Mask Mandate in Hamilton County


HAMILTON COUNTY, Tenn. (WDEF)- Hamilton County has accounted for almost three thousand positive cases of Covid-19.

38 were added Monday, July 6th.

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35 county residents have died from the virus.

Mayor Jim Coppinger announced a mask mandate to slow down the growing rate of positive cases, “This afternoon after much thought and consideration and consultation, I’ve asked doctor Paul Hendricks our Health Officer of the Hamilton Cunty Health Department to mandate wearing a facial covering or mask”

The mask requirement will officially begin on Friday, July 10th at 12:01 A.M.

Regional Director of the Hamilton County Health Department Becky Barnes says public events with poor social distancing practices and masks have sped up the rate of positive cases, “These events include graduations, weddings and the workplace.”

Violating the mask mandate could lead to a class C misdemeanor equal to a 50 dollar fine or up to 30 days in jail whether you’re an individual or a business.

“For example if you have a place of business and two people in their that didn’t have their mask on, the business owner could be fined for those two -two people” said Mayor Coppinger. Those two people could be fined as well.”

There are numerous exemptions to the mask mandate rule such as churches, businesses that serve food, kids 12 years old and under, and certain medical disabilities.

Here is the full list of exceptions:

Face coverings are not required for:

  1. Children under 12 years of age
  2. Anyone with documented medical contraindications to facial covers such as active asthma or COPD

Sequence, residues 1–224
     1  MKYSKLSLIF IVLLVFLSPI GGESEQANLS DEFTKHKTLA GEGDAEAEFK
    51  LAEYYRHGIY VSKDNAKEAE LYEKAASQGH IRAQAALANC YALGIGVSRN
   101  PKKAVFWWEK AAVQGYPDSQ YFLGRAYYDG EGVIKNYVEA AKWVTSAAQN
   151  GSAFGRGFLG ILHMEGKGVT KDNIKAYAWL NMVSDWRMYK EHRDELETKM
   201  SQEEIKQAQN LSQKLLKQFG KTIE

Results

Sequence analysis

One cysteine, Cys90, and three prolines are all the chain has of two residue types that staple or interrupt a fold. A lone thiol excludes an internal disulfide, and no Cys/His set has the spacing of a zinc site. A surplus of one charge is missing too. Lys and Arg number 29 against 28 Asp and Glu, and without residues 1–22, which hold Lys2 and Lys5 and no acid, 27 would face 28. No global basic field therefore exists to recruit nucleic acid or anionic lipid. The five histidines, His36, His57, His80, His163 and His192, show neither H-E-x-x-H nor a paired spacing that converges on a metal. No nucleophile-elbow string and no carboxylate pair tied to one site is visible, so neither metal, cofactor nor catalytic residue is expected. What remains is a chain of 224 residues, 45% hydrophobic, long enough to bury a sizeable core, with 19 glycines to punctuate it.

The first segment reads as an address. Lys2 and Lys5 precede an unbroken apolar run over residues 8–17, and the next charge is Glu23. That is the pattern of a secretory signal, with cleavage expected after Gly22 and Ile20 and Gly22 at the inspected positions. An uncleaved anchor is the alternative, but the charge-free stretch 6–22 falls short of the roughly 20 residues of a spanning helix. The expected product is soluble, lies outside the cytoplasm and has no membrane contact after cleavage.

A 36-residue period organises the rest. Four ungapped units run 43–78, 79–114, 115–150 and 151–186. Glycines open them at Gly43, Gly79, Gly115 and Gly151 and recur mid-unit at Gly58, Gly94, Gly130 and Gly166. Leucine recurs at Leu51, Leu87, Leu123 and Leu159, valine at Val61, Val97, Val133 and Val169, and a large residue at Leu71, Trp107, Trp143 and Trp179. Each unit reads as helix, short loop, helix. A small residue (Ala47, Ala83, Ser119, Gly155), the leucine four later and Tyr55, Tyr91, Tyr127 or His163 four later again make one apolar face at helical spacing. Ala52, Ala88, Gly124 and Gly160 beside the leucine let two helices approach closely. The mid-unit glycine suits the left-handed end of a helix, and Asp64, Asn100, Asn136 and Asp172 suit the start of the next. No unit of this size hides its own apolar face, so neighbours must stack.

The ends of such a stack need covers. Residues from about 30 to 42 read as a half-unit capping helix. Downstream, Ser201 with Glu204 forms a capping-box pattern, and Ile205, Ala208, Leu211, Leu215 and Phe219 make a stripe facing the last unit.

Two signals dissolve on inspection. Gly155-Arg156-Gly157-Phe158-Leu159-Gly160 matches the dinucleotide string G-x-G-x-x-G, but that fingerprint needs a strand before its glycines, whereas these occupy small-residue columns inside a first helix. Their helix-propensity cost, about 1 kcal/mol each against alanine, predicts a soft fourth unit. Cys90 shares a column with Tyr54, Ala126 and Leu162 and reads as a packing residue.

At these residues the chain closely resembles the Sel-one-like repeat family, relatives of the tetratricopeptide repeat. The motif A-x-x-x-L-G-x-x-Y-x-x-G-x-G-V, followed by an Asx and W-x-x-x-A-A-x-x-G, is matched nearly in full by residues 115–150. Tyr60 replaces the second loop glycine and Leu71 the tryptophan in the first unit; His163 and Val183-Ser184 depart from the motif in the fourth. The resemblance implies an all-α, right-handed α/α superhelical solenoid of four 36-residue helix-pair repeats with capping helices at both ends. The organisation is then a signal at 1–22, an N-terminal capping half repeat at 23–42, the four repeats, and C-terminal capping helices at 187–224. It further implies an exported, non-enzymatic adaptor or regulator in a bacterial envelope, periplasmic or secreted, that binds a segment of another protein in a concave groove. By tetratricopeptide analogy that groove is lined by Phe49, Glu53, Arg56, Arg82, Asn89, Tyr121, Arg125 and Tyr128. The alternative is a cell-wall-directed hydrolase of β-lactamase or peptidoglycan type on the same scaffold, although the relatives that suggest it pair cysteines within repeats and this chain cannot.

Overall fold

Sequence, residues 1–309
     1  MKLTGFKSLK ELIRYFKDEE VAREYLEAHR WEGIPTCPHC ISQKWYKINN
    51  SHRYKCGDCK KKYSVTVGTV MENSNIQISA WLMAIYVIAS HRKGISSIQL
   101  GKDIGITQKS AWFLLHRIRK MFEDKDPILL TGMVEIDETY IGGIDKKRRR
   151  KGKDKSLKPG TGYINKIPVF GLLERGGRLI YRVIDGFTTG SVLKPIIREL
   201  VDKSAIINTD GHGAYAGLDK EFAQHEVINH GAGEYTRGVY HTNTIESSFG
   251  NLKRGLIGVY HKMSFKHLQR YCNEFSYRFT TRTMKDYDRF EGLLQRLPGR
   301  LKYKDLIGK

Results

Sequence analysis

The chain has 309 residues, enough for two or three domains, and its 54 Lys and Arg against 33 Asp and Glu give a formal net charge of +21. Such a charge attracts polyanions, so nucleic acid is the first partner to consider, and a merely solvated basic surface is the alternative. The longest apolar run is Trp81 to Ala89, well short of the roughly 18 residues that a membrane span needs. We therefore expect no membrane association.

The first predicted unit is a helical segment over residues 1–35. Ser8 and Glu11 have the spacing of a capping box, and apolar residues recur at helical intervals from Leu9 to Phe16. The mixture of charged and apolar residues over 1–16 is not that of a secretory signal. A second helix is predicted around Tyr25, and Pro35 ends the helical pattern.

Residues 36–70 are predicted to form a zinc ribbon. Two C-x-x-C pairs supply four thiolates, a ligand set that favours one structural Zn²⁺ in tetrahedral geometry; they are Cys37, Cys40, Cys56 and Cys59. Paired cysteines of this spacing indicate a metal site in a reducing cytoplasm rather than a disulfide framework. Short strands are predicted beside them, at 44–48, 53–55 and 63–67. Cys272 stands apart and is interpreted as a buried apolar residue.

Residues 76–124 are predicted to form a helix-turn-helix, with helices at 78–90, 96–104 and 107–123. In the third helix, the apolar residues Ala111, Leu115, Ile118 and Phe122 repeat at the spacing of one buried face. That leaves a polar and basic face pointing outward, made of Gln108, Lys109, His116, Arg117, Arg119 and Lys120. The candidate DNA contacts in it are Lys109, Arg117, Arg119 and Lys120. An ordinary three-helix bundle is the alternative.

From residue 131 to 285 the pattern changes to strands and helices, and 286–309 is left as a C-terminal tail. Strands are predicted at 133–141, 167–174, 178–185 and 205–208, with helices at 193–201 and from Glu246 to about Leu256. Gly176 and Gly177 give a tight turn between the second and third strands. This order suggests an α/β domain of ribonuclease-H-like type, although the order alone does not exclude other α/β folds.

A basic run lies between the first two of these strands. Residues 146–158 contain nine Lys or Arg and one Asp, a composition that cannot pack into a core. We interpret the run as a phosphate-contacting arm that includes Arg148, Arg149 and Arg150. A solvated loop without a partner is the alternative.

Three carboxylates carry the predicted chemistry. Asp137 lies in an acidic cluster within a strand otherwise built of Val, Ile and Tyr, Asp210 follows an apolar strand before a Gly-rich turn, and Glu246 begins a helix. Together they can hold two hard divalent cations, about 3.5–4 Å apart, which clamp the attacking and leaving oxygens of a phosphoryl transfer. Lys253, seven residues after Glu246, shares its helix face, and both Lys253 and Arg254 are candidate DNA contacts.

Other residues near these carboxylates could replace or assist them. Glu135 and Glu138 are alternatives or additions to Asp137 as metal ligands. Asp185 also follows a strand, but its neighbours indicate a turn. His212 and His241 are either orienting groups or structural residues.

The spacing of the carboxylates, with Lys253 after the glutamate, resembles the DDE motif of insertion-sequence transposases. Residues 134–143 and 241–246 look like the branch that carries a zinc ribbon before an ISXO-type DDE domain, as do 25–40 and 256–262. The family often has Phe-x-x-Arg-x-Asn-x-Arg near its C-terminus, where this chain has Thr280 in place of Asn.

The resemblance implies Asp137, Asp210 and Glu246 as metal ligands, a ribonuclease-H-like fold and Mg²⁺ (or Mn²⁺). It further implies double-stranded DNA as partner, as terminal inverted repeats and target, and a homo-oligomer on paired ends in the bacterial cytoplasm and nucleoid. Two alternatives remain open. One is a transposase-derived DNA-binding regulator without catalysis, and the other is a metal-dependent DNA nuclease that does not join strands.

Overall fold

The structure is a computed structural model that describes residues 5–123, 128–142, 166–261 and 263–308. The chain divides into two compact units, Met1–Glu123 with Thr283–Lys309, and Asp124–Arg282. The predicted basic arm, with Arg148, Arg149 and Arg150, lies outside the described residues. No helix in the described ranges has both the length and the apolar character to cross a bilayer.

3. Anyone who is acutely short of breath or incapacitated such that they would be unable to remove the covering on their own.
  4. Persons who are deaf or hard of hearing – or those who care for or interact with a person who is hearing impaired if they rely on lip reading to communicate. In this situation, consider using a clear face covering. If a clear face covering is not available, consider whether you can use written communication, use closed captioning or decrease background noise to make communication possible while wearing a cloth face covering that blocks your lips.
  5. Persons with intellectual and developmental disabilities, mental health conditions or other sensory sensitivities, who may have challenges wearing a cloth face covering. Those persons are encouraged to consult with their healthcare provider for advice about wearing cloth face coverings.
  6. Persons in a house of worship unless required by that house of worship, but wearing a face covering in such locations is strongly encouraged.
  7. Persons who are outdoors unless the person cannot substantially maintain appropriate social distancing from others outside of the person’s household. Facial coverings should, however, be kept accessible in the event of encountering a larger group.
  8. Persons in cars, trucks, or other private or commercial vehicles either alone or with household members. However, all occupants in vehicles transporting more than one coworker, carpooling or carrying other non-household passengers, shall wear facial coverings.
  9. Persons working under conditions where appropriate social distancing from others outside of the person’s household can be maintained. A facial covering should be kept accessible in the event that others enter the area.
  10. Office workers and any other employee working alone in an area (such as a private office) where the public or other workers are not present or do not usually enter. A facial covering should be kept accessible in the event others enter that area.
  11. Persons who are exercising, such as jogging, bicycling, or swimming, etc, either alone or in small groups where physical distancing of 6 feet or greater can be maintained. A facial covering should be kept accessible in the event of encountering a larger group.
  12. Private residences are exempt, but hallways, elevators and other common areas of apartment buildings, condominiums and other medium or high density residential structures are not exempt.
  13. Persons seated for the purpose of dining in any restaurant or business that provides food and/or drink for on premises consumption.